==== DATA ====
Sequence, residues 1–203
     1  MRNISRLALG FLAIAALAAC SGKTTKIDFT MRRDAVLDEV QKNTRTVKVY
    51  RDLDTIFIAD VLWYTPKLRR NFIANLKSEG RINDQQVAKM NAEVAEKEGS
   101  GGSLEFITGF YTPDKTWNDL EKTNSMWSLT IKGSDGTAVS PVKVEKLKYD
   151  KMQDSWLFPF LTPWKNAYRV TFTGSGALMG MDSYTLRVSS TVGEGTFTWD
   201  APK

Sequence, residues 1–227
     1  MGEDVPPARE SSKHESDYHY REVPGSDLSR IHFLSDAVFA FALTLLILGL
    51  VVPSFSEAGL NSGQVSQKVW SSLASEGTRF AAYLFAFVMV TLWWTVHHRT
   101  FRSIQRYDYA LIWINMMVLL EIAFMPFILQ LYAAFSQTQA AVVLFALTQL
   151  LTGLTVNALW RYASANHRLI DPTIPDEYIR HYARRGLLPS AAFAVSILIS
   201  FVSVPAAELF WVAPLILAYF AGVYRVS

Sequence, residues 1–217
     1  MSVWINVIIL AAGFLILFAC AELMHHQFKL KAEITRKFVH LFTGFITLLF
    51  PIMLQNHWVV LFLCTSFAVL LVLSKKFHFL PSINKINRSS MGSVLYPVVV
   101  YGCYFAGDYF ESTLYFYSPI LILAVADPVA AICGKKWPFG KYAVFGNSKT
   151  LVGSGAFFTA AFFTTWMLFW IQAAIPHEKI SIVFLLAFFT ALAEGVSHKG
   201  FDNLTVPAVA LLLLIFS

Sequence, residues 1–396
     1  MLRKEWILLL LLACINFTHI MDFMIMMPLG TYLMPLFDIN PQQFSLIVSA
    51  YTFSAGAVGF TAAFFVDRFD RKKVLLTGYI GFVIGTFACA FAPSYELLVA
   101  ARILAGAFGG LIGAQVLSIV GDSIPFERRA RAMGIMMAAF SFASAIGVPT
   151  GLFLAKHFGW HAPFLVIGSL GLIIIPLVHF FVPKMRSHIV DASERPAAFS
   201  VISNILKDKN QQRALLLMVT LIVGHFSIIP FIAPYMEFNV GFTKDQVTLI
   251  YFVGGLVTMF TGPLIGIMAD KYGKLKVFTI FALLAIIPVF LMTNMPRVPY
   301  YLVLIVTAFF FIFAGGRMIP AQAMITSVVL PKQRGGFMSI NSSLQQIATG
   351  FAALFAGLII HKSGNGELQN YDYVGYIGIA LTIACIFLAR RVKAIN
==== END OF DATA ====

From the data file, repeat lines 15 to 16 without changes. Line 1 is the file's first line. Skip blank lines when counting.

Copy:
    51  PIMLQNHWVV LFLCTSFAVL LVLSKKFHFL PSINKINRSS MGSVLYPVVV
   101  YGCYFAGDYF ESTLYFYSPI LILAVADPVA AICGKKWPFG KYAVFGNSKT